Roflumilast in Non-CF Bronchiectasis Study
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|ClinicalTrials.gov Identifier: NCT03428334|
Recruitment Status : Completed
First Posted : February 9, 2018
Last Update Posted : October 1, 2019
This is a single-arm, open label, Phase II study of Roflumilast in stable-state non-cystic fibrosis bronchiectasis subjects.
Bronchiectasis refers to a suppurative lung condition characterized by pathological dilatation of bronchi. The predominant aetiology of bronchiectasis in the Western population is related to cystic fibrosis (CF), which is genetically determined. Bronchiectasis due to other causes are generally grouped under the term "non-CF bronchiectasis", which accounts for practically all cases that are seen commonly in Hong Kong and many other Chinese populations.
The main pathogenesis of non-CF bronchiectasis involves airway inflammation, abnormal mucus clearance and bacterial colonization, resulting in progressive airway destruction and distortion. The current treatment strategies mainly focus on targeting the key elements in the pathogenesis of non-CF bronchiectasis.
In patients with bronchiectasis, there is also neutrophilic inflammation as in COPD. It is hypothesized that roflumilast can improve airway inflammation, sputum volume and sputum inflammatory markers in patients with bronchiectasis.
This study aims to investigate the effect of short-term (4-week) treatment with roflumilast on neutrophilic airway inflammation in stable-state non-CF bronchiectasis.
|Condition or disease||Intervention/treatment||Phase|
|Non-cystic Fibrosis Bronchiectasis||Drug: Oral roflumilast||Phase 2|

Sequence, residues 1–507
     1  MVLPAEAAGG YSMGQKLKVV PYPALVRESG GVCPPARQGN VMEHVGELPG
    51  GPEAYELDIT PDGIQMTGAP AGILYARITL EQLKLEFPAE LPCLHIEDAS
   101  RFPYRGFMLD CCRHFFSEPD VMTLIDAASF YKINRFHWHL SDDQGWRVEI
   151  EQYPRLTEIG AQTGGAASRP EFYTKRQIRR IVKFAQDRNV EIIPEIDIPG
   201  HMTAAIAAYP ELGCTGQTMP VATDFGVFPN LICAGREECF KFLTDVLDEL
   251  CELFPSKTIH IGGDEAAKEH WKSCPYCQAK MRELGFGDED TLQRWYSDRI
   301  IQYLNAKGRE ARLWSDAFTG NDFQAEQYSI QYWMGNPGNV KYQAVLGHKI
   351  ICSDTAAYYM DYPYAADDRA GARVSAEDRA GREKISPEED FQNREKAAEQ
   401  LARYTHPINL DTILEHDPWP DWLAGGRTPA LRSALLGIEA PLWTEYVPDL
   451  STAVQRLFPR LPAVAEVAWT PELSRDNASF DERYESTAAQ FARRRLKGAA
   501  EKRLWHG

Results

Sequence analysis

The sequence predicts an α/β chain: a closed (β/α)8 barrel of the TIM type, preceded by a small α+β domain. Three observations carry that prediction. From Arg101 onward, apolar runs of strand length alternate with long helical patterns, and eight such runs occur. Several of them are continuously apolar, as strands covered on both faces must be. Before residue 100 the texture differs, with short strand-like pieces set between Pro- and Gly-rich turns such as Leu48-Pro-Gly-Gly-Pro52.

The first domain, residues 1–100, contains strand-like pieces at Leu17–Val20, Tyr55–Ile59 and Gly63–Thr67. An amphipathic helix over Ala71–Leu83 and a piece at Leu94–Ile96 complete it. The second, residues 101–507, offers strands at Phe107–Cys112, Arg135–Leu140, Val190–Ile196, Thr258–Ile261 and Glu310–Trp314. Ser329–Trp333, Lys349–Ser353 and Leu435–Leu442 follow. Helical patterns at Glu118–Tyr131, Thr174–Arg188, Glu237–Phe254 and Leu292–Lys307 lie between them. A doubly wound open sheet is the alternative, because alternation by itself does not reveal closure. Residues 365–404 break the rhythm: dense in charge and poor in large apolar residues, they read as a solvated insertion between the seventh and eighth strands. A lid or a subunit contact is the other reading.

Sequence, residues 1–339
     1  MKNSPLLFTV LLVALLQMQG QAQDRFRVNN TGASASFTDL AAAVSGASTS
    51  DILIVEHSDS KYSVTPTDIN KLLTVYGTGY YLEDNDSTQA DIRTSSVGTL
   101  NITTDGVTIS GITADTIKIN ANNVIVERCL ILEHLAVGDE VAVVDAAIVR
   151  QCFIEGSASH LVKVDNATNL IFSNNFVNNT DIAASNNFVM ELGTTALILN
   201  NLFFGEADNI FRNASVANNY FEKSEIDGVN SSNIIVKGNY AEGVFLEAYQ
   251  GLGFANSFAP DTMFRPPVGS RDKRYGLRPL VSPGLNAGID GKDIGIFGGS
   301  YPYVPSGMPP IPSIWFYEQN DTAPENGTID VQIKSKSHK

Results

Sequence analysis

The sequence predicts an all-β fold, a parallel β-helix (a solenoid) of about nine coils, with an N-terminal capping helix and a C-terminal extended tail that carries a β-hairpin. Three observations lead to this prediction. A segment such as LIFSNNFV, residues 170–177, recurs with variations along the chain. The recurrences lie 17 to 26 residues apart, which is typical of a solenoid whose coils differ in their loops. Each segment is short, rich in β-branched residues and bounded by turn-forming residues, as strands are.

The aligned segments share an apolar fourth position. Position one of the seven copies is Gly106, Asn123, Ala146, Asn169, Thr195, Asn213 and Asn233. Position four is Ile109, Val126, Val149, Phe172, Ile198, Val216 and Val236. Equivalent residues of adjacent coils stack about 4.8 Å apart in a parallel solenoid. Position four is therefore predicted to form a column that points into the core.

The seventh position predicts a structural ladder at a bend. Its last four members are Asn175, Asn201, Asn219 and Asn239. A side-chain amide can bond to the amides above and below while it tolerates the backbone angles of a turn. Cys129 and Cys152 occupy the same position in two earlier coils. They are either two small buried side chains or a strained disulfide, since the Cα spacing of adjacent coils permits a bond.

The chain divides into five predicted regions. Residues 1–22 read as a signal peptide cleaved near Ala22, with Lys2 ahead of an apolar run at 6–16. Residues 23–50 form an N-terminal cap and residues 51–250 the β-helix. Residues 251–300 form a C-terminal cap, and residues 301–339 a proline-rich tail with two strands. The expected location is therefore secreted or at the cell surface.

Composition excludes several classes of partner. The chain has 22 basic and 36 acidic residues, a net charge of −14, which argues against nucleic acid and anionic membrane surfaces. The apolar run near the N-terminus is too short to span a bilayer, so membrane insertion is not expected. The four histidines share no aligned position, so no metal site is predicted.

Apart from regular chest physiotherapy and postural drainage to help clearing mucus from bronchiectatic airways, inhalational and parenteral antibiotics have also been used to reduce the bacterial load in destroyed airways, thus controlling and preventing infective exacerbations. In recent years, accumulated evidence has suggested a central role of airway inflammation and immune dysregulation in the evolution of non-CF bronchiectasis. The classical type of airway inflammation is neutrophilic, with abundance of neutrophils in sputum, bronchoalveolar lavage fluid and bronchial biopsy from patients with non-CF bronchiectasis, even in clinically stable-state. The recruitment and trafficking of neutrophils to bronchiectatic airways are mediated via various pro-inflammatory cytokines like interleukin-1β (IL-1β), IL-8, tumour necrosis factor (TNF)-alpha and leukotriene B4 (LTB4). Investigators have also shown in an in vitro model that sputum from patients with non-CF bronchiectasis could stimulate IL-6 production from normal human bronchial epithelial cells, mediated via TNF-alpha. Recent data have suggested the involvement of Th17 immunity, in which Th17-polarized Cluster of Differentiation 4 (CD4) T cells can respond to bacteria (especially Pseudomonas aeruginosa) in bronchiectatic airways by elaboration of IL-17, leading to downstream IL-8 release from airway epithelial cells, neutrophil chemotaxis, mucus hypersecretion and formation of ectopic lymphoid follicles. This IL-17 driven pathway can further aggravate the vicious circle of key pathogenetic mechanisms in non-CF bronchiectasis. In previous studies, airway neutrophilic inflammation as indicated by sputum neutrophil count was inversely correlated with lung function (forced expiratory volume in 1 second, FEV1) and directly with duration of disease and severity (Bronchiectasis Severity Score, BSI) in stable non-CF bronchiectasis. Investigators have also demonstrated that sputum elastase, released from airway neutrophils, significantly correlated with 24-hour sputum volume, number of bronchiectatic lobes, percent predicted FEV1, and sputum leukocyte count in stable-state bronchiectasis. Patients with non-CF bronchiectasis harbouring Pseudomonas aeruginosa showed greater sputum neutrophilia and volume, with lower FEV1 and FEV1/forced vital capacity (FVC) ratio in previous studies from our group and others.